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On Friday, Mail & Guardian rugby writer and SuperSport commentator Andy Capostagno provided the reason Bok coach Allister Coetzee was forced to backtrack on his decision to delay naming his captain until he had a chance to look at his squad. It seems SARU’s marketing department insisted on the captain being named immediately because the sponsors needed to have their branding ready for the series against Ireland. Money talks and that’s why a news conference was swiftly convened to unveil Adriaan Strauss. It seems Coetzee wanted his old Stormers captain Duane Vermeulen in the mix, but Vermeulen’s club Toulon dug in their heels threatening not to pay Vermeulen his June wages if he played Bok rugby. As Capostagno points out, there is now more money to be earned from playing club rugby in Europe than there is from playing for the Boks. It’s a conundrum facing any overseas-based player who gets a Bok call-up. Do they go for the glory of representing their country, or is the Euro worth more in a career that’s always short-lived? In any event, SARU might end the problem by simply refusing Coetzee permission to call up the overseas players. Certainly neither SARU nor Coetzee want an embarrassing situation in which they pick a player who subsequently snubs them because it makes financial sense to do so. One of the overseas players in the squad is Bath’s Francois Louw, who admits to being slightly surprised by the Bok call-up. – David O’Sullivan
By Lloyd Burnard
Cape Town – Francois Louw understands Allister Coetzee’s decision to back locally-based players over overseas-based players, but he still believes that the experience he has gained playing for Bath will benefit the Springboks.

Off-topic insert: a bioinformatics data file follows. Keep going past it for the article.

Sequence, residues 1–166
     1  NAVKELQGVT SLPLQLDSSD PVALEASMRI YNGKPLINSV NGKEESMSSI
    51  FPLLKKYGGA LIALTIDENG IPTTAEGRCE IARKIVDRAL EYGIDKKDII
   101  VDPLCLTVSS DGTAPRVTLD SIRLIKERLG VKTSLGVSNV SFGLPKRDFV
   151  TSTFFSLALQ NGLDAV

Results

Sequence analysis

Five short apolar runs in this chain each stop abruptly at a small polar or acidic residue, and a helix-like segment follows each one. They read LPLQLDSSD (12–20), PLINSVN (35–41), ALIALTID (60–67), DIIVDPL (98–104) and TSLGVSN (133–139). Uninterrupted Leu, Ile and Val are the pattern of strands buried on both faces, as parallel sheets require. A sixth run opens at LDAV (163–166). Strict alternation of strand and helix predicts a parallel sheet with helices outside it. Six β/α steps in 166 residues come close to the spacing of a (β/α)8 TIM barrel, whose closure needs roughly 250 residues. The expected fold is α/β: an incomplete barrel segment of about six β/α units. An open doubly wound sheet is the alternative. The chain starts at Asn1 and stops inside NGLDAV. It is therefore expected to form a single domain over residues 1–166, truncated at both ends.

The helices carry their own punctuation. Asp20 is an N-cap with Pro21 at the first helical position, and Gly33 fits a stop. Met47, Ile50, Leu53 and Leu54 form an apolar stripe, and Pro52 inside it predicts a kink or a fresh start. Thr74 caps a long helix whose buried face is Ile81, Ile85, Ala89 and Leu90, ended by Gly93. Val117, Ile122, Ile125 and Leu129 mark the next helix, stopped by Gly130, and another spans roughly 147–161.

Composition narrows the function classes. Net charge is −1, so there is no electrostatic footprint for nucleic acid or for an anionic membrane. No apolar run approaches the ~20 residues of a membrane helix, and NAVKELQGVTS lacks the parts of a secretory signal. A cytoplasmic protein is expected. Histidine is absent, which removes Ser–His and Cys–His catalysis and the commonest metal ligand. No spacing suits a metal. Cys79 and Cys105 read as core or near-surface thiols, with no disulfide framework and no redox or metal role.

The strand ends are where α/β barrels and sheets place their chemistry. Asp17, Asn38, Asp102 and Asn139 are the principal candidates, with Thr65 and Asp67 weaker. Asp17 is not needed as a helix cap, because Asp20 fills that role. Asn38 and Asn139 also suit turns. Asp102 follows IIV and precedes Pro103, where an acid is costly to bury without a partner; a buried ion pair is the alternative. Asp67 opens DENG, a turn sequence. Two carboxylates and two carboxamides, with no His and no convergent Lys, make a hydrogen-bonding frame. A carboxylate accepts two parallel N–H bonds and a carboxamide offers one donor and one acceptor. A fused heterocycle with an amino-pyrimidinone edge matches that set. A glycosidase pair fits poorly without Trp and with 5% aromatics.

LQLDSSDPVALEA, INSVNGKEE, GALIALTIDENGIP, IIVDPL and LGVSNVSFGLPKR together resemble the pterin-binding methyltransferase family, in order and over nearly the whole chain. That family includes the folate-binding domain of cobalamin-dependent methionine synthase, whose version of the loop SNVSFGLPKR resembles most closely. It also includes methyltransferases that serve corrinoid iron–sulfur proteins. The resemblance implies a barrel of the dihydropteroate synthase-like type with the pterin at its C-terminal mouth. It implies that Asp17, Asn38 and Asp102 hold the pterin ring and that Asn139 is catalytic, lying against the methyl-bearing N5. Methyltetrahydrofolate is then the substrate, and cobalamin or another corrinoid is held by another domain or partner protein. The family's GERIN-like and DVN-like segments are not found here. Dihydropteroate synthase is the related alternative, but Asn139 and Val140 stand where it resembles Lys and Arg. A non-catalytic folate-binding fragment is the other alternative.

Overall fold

Coetzee has named just three overseas-based players – Louw, Duane Vermeulen (Toulon) and Steven Kitshoff (Bordeaux) – in his 31-man squad for the upcoming three-match Test series against Ireland.
Those players arrived in Cape Town on Sunday, a week after the rest of the squad had assembled in Stellenbosch for their first training camp together.
There has been no formal instruction from SA Rugby preventing Coetzee from picking overseas-based players, but that could be the direction things are moving in after SA Rugby president Oregan Hoskins confirmed back at Coetzee’s unveiling in April that the existing policies would be re-evaluated.
Louw, who was a key figure in the Boks’ 2015 World Cup campaign, said he had given the issue some thought.
“It is tough … playing for the Springboks is the ultimate. I’m very grateful and fortunate and honoured to be back here again … I don’t think it’s ever a given, it definitely hasn’t been for me,” the 30-year-old told media from the Bok hotel in Cape Town.
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“I obviously play my rugby overseas and I’ll have a view on that.
“I definitely believe it’s brought the best out of me as a player. I think I’ve grown substantially, not just on the field but off the field as well.
“Those skills and attributes, I definitely bring back into the side (Boks).
“I can understand the reasoning behind wanting to select domestically-based players as well.
“It’s out of my hands at the moment. I’m playing my rugby over there and if I do get the chance to play for the Boks I’ll obviously give it everything I have.”
Louw acknowledged that, following the 2015 World Cup, he was not certain that he still had an international future.
“Ja, of course. You never take this for granted,” he said.
“It’s very special to be included and you never know what’s going to happen in the future.
“With rugby, you can only look so far ahead. You can sign whatever contract you want but your career can end pretty quickly. The one thing you can control is the effort you put in.”
But a conversation with Coetzee last month put things back on track.
“The coach spoke to me a few weeks ago … asking what my future was and if I still saw myself wanting to be available for Springbok selection,” said Louw.
“It was a very easy answer and I’m very grateful to be included once again. It’s a tough task at hand and I think we all know that.”
Coetzee said he did not want any of his three overseas-based players to worry about policy.
“The focus for the overseas-based players now is really to focus on what’s coming on Saturday,” he said.
“We are busy at SA Rugby to formulate policy and when we’re ready that will be communicated timeously to the players and the media. But that is not the focus at the moment.”
The first Test will take place at Newlands on June 11. – Sport24
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